Story posted February 06, 2006
There is an air of added excitement in Bowdoin's Department of Theater and Dance this semester, as students immerse themselves in rigorous theater training with one of the nation's leading theater innovators, J.Ed. Araiza, of the Saratoga International Theatre Institute (SITI).
Araiza, an actor, playwright and director, is at the College as the Coastal Studies Center's Spring 2006 artist-in-residence. He is teaching two courses, which will result in a public performance of a student-generated work, May 4-6, 2006, tentatively titled, "The Water Project."
Listen to a Podcast Interview of J.Ed. Araiza and Theo Salter
Find out more about these revolutionary actor-training methods in an interview with Araiza - and hear from a Bowdoin student who is immersing himself in this exciting work.
"What I want to do more than anything here at Bowdoin is to give students the tools to create their own original work," says Araiza, "The training that we do is very specific and extremely strenuous ... and even though some students might not ultimately be interested in being theater artists, they'll have more respect and understanding for what it takes to write a play, or go up before an audience eight times a week."
Araiza is introducing Bowdoin students to the Suzuki Method of Actor Training and The Viewpoints - both are innovative actor-training methods derived from his longtime work with the SITI Company, an ensemble-based company located in New York. The company has received international acclaim for its original works, and through its ongoing training for young theater artists is transforming the way many actors and ensembles now approach their craft.
"The Suzuki Method is a very rigorous, holistic approach to breathing, speaking, and training for the stage that teaches you to focus your concentration," says Araiza. "It's very physical and involves work from the center and lower parts of the body."
The Viewpoints is an increasingly popular training for theater artists, particularly at the university level. It is an improvisational technique that encourages ensemble work and helps to free actors' instincts.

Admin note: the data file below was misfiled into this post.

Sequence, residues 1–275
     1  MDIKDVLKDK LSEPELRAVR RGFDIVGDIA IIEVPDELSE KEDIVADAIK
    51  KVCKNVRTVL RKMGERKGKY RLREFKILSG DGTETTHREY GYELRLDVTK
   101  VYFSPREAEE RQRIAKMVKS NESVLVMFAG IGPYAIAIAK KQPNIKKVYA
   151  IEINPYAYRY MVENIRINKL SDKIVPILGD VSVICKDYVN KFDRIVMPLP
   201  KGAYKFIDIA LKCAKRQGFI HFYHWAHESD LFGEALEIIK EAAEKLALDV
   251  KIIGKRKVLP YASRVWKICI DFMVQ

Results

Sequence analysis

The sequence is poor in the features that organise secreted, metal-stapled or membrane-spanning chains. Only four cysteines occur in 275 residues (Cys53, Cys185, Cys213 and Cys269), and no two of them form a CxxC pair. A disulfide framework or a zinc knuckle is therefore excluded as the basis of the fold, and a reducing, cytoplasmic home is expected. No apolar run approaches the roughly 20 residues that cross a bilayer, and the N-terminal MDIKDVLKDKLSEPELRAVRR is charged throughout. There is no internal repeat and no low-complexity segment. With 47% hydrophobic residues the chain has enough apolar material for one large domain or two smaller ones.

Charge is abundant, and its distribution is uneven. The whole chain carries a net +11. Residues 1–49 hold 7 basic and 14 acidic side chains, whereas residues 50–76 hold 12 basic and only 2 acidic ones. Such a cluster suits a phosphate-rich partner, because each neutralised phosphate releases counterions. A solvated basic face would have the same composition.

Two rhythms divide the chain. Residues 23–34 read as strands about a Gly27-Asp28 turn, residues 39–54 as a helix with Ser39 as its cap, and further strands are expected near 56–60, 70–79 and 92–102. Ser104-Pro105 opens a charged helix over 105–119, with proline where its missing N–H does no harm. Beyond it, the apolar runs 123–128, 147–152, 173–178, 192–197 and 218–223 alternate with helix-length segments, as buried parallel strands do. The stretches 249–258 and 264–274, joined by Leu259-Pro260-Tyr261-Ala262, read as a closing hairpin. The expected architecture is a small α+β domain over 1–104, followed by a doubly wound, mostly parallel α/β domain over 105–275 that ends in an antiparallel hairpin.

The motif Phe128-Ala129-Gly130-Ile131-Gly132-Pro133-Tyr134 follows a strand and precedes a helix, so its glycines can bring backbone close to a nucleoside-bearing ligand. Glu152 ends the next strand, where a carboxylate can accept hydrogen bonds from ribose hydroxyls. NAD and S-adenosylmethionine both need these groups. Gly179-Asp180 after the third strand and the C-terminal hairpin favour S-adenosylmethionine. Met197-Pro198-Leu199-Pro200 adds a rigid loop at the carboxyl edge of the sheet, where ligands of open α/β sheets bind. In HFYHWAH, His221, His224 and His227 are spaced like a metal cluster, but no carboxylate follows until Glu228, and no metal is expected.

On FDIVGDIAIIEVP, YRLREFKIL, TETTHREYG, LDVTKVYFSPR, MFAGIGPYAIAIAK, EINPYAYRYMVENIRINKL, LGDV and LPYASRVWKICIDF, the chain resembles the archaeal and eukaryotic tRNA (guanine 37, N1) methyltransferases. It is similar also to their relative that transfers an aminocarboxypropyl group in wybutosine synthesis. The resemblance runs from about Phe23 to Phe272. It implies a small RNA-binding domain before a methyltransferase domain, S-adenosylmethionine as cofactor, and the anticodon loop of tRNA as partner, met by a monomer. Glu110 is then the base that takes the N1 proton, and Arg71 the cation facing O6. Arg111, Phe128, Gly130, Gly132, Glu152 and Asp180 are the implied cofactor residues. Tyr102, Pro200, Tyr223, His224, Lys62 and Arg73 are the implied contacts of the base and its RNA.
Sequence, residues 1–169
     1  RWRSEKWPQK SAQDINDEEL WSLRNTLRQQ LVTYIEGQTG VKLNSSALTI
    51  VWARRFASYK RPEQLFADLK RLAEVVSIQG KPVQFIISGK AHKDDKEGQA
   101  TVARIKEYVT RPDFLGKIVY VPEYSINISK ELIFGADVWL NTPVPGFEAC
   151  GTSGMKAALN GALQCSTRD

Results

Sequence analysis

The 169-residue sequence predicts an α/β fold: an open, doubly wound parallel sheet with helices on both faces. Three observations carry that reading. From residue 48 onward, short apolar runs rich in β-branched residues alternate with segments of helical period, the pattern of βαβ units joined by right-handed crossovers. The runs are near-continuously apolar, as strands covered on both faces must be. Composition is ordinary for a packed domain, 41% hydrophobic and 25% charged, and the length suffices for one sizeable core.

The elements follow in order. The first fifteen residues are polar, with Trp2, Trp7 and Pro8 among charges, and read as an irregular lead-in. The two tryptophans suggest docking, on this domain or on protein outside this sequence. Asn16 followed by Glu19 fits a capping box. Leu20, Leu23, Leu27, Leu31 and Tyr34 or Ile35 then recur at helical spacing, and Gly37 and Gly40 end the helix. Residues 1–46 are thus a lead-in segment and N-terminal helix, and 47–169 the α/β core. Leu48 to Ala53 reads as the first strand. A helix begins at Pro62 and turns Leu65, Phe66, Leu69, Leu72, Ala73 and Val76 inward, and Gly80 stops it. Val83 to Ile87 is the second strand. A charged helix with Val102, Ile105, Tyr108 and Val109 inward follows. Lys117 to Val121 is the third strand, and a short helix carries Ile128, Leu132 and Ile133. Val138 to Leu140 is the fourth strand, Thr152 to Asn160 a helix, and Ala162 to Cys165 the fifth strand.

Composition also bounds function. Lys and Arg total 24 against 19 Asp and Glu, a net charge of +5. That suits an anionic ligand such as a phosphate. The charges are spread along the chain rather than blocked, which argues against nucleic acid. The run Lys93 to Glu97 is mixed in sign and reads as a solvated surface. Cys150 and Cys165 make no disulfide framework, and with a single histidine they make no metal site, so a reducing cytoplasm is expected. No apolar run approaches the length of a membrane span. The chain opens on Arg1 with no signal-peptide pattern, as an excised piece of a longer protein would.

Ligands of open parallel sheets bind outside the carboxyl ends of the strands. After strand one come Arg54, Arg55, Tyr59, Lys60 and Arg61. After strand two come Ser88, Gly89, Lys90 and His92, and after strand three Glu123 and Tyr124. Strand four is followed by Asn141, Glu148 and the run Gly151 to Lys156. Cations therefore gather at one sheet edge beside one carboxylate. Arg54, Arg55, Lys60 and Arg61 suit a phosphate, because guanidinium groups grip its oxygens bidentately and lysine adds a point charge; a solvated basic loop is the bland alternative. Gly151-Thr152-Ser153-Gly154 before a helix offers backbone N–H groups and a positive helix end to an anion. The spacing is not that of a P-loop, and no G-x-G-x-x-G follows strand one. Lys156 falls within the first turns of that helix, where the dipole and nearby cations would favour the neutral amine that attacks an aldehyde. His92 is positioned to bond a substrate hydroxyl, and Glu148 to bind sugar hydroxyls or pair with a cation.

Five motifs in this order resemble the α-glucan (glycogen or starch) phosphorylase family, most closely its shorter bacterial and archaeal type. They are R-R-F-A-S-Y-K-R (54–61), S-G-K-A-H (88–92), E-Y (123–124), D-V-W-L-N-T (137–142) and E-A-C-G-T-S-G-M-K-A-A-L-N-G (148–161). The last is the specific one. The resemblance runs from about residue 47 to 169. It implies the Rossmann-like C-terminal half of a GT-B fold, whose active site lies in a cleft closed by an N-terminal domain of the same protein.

Together, the disciplines are designed to "train world-class artists for a world-class stage," says Araiza.
Thus far, Bowdoin students are immersing themselves in the actor-trainings during an intensive morning session. In the afternoon, they become playwrights and actors - writing and exploring material that eventually will become "The Water Project."
"Creativity in writing is a muscle that can be exercised. It's a discipline like the Suzuki Training," notes Araiza. "So we start every class with some writing exercises. Eventually, students collaborate on some lines of dialogue or a scene, which we discuss as a group. We'll talk about what it was about - symbols and motifs and themes. That's all a part of opening up our imagination to see what might interest us. What we're looking for is a hook - something that speaks to the students, something that is both personally and universally interesting."
"We are so fortunate to be able to bring a world-class artist like J.Ed. to the College," notes CSC Director Anne Henshaw. "He brings a level of performance training and experience that adds breadth to our coastal studies program in the arts, and offers an incredible opportunity for our students of theater." Past artists who have come to Bowdoin through the CSC scholar-in-residence program have included landscape painter Lucy Barber and photographer Nigel Poor.
The community is invited to learn more about the Suzuki Method for Actors on Friday April 7, 2006, at 2 p.m., when Ellen Lauren, associate artistic director of the SITI Company, delivers a public lecture/demonstration at Bowdoin's Pickard Theater, sponsored by the Freeman Foundation.
"The Water Project" will be performed at the Pickard Theater May 4th and 5th at 8 p.m. , and May 6th at 7 p.m. The show is free and open to the public. For more information, call 207-725-3663.